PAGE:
Social media campaigns represent the perfect funnel to connect and collaborate with your community. These are meant to have strong concepts with meaningful messages that can strengthen the brand's identity.
One of Nestlé's latest marketing campaigns that has left a lasting impression on its audience is the one called "Generation Regeneration."
According to Nestlé, this campaign is built around the environmental threats of climate change. As a big corporation, the brand is committed to the cause, declaring to take actions in regeneration and thus helping the environment.
With 48 posts on Facebook, Instagram, and Twitter in the past six months for this campaign, Nestlé advocates for the benefits of having a plant-based diet or at least a flexitarian one.
This campaign was the most successful on Instagram, with an engagement rate of 0.145%.
Another fun and creative social media campaign of Nestlé is called "Healthier Kids" and is designed with a simple concept: ensuring healthy eating habits from a young age.
And last but not least, Nestlé's "Empowering Women" campaign is pretty self-explanatory. Its message is to enhance gender balance in the workforce and to empower women through gender-neutral internal policies that defy stereotypes.
4. Nestlé turns a social media backlash into brand innovation
In 2010, Nestlé went through a social media crisis when Greenpeace linked the food manufacturer with mass deforestation, criticizing its methods for acquiring palm oil.
This issue generated a massive buzz on social media. An analysis made on Twitter showed over 215,000 tweets on the topic only from 13th March to 22nd March 2010.
Nestlé not only became a trending topic on Twitter and basically every social platform, but it gained so much attention that it soon was picked up by traditional media, causing significant damage to the brand image.
So how did Nestlé handle this social media backlash?
The brand first suspended its sourcing from Sinar Mas, which was the first step to gaining its consumers' trust.
In terms of marketing and communications strategy, Nestlé hired a new global head of digital and social media, who created the "digital acceleration team."
The DAT monitors social media sentiment 24 hours a day, communicating any issues observed in the social media sphere.
More than 10 years later, Nestlé tries to maintain the same marketing and communication strategy through its various sustainability campaigns.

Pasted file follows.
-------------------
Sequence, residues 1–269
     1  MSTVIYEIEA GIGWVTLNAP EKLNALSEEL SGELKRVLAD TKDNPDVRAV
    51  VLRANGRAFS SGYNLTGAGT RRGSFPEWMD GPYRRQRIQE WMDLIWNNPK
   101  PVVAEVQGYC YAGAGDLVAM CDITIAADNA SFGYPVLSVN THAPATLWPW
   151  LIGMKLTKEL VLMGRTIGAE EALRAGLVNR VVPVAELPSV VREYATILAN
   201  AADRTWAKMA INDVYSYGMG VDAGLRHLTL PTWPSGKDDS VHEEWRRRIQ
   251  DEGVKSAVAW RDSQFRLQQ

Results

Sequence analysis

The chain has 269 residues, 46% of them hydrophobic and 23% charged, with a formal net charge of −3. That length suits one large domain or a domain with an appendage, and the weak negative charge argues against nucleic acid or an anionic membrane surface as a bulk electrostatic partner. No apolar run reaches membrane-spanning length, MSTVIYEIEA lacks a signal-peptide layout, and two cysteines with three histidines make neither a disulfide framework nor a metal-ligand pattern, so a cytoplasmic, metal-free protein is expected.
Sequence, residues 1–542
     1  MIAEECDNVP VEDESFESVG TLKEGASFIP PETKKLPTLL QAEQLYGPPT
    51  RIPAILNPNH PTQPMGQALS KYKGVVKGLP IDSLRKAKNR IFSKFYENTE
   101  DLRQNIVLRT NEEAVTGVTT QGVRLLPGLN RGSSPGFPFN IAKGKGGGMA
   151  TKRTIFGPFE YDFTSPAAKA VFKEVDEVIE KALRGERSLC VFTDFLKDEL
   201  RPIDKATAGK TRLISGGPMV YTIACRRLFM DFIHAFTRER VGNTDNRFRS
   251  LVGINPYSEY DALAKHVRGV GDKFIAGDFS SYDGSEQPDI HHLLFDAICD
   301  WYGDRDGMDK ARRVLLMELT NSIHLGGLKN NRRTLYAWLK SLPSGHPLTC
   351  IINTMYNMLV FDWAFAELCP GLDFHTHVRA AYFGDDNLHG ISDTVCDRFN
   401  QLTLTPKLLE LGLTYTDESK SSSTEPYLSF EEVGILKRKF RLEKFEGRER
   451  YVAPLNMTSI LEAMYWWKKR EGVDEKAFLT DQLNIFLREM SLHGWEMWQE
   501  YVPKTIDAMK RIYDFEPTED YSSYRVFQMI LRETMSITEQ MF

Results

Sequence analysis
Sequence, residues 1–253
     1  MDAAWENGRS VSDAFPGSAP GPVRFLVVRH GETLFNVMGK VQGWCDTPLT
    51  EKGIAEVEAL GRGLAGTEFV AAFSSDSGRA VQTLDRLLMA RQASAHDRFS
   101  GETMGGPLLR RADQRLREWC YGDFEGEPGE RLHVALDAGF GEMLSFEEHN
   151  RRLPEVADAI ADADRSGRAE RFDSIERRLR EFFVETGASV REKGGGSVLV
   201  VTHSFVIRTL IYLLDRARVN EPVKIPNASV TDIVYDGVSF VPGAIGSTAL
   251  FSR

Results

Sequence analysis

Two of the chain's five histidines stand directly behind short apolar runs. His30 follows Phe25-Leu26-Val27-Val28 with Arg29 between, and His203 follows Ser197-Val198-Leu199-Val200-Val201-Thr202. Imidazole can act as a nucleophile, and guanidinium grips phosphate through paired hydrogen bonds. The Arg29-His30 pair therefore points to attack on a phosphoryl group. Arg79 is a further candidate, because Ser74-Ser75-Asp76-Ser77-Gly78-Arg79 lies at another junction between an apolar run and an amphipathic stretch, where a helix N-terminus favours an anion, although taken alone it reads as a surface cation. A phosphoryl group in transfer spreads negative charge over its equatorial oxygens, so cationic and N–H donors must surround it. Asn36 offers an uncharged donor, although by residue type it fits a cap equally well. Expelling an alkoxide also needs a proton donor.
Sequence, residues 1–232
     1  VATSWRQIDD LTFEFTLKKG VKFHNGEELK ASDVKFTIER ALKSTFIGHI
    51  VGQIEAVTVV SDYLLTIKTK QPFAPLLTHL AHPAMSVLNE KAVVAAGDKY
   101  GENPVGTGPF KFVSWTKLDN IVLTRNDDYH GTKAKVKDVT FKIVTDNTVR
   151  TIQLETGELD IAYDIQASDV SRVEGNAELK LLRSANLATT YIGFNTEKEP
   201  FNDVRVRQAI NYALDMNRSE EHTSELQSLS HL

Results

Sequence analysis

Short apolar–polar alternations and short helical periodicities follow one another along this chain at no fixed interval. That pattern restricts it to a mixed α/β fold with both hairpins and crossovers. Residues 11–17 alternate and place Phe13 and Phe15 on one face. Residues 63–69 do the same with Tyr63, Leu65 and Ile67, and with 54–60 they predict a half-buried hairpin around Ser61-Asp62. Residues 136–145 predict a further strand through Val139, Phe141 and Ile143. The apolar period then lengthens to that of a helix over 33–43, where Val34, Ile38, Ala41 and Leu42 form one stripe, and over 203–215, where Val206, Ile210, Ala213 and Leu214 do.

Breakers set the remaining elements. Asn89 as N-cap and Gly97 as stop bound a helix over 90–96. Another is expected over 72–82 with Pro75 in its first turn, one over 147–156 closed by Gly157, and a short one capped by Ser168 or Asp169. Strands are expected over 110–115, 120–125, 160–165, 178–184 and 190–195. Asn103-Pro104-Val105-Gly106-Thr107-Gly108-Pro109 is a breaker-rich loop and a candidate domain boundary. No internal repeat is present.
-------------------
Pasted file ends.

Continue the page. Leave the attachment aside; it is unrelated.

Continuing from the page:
Not only that, but they believe that the key to having a good relationship with your consumers is communication and honesty.
As Alexandra told us during one of our podcast episodes, she believes that the worst thing you can do as a social media manager when the brand receives negative comments is to stay silent.
Find out more about Alexandra's insights regarding Nestlé's marketing strategy in Insider Insights' podcast episode:
5. Benchmark Nestlé against its competitors with Socialinsider
After all is set and done, the real success behind a long-lasting social media strategy is dictated by data.
Apart from its solo social media performance, to see where a brand stands in today's crowded digital space, you must look at its performance compared to its competitors as well.
And to bring data to the game, I used Socialinsider, an analytics, benchmarking, and reporting tool.
In this case, I added Nestlé's biggest competitors (Mondelez, Unilever, Danone, Mars, and Heinz) in Socialinsider's benchmark tool and got in-depth insights regarding the brand's performance.
The profiles analyzed were the brands' Facebook, Instagram, and Twitter profiles for six months.
For example, on Facebook, Nestlé has the most followers and the highest fan evolution, but Mondelez had the highest average engagement rate per post in the past six months, which is 0.332%.
This indicates that even though Nestlé attracts new followers each month, they don't engage that much with its content despite posting 111 Facebook posts in the analyzed time range.
On Instagram, Mondelez posted the most content, on average, in the past six months, but Unilever was the one with the highest average engagement per day, followed closely by Nestlé with an average engagement rate per day of 367.43.
What's cool about Socialinsider is that you can compare any Facebook, Instagram, or Twitter page with an industry of your choice.
In the example below, I compared Nestlé's Twitter page within the FMCG food industry with Twitter profiles worldwide that have between 100K - 500K followers.
According to our database, the engagement rate per profile, on average, in the FMCG food industry for profiles with 100K - 500K followers is 39.164%, which is 19.6 times higher than Nestlé's engagement rate per profile.
Since the brand only posted 213 tweets in the past six months and the average number of tweets for this industry is 696.7, Nestlé could improve their Twitter performance by posting more.
Nestlé's social media campaigns have always been short and sweet. They rely heavily on organic content, knowing how to promote inventive ideas and place content to the most appropriate viewers.
But a successful social media strategy isn't all about that.
It's also essential to engage in honest conversations, solve issues, and use social media to listen and inspire your consumers.
Hopefully, this case study gave you a glimpse of Nestlé's social media strategy's different facets. And don't forget that these tactics can be applied to every marketing strategy in any industry.